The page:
As cricket becomes more competitive and teams fight tooth and nail for every run and wicket, there is most emphasis on preparation. Some follow technology, others on old-school training. For the New Zealand side, they have an Olympian on board to help them make the cut.
Chris Donaldson, 41, is the strength and conditioning coach of the New Zealand side. Not too long ago, he was representing his country at the 1996 and 2000 Summer Olympics in the 100m and 200m.
He still holds the national record in New Zealand in the 200m category.
It has been a long time since then and he has turned his focus onto making other athletes as fit as him.
“I was very lucky then, and had the good fortune of having the best coaches around me. It is with that understanding that I chose to do what I do now,” he says.
“A good coach is very important for an athlete. He does not just ask his ward to run, but teaches him how to and in the most optimum way. It is what I now teach the cricketers. The bowlers need to how to go about running,” he added.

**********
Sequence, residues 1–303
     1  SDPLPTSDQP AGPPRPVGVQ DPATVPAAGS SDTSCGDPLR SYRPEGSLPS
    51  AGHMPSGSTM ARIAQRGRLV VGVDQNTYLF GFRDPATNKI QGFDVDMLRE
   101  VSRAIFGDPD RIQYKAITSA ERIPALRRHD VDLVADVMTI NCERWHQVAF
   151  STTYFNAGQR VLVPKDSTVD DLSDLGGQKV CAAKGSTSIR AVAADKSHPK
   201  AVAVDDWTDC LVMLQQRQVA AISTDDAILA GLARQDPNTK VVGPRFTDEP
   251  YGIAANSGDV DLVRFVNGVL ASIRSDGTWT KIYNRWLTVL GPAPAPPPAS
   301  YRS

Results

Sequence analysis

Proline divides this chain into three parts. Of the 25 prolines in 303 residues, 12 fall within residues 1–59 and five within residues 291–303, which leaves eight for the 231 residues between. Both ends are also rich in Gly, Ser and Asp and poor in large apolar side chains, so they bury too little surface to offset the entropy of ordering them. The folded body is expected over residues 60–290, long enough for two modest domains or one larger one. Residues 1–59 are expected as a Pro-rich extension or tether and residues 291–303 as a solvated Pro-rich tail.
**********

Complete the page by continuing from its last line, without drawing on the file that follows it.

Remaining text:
While growing up in Christchurch, Donaldson played every sport, but chose sprinting as he was a natural at it.
“I had the good fortune of participating in the Olympics. It is till date the proudest achievement of my life. I made to the second round at both events. It wasn’t the best performance, but I was in competitive field so cut me some slack,” he quips.
“I still hold the national record in the 200m. It is something that I hold dear.”
He was at the centre of the action during the 2015 World Cup, when New Zealand made the final. However, his biggest worry is not the big tournaments which he were “quite stressful”.
With cricketers though, his biggest worry is the constant travel and adjustments to different conditions.
“In India the need is hydration and the right kind of exercise. Core training is essential. I see quite a few boys in the Indian side who have become very athletic. The likes of Virat Kohli and Ravindra Jadeja do standout,” he adds.
Asked who he thought was the fittest in the New Zealand side, he flatly refuses. “All of them are working well and improving quickly. That’s all you get,” he quips again.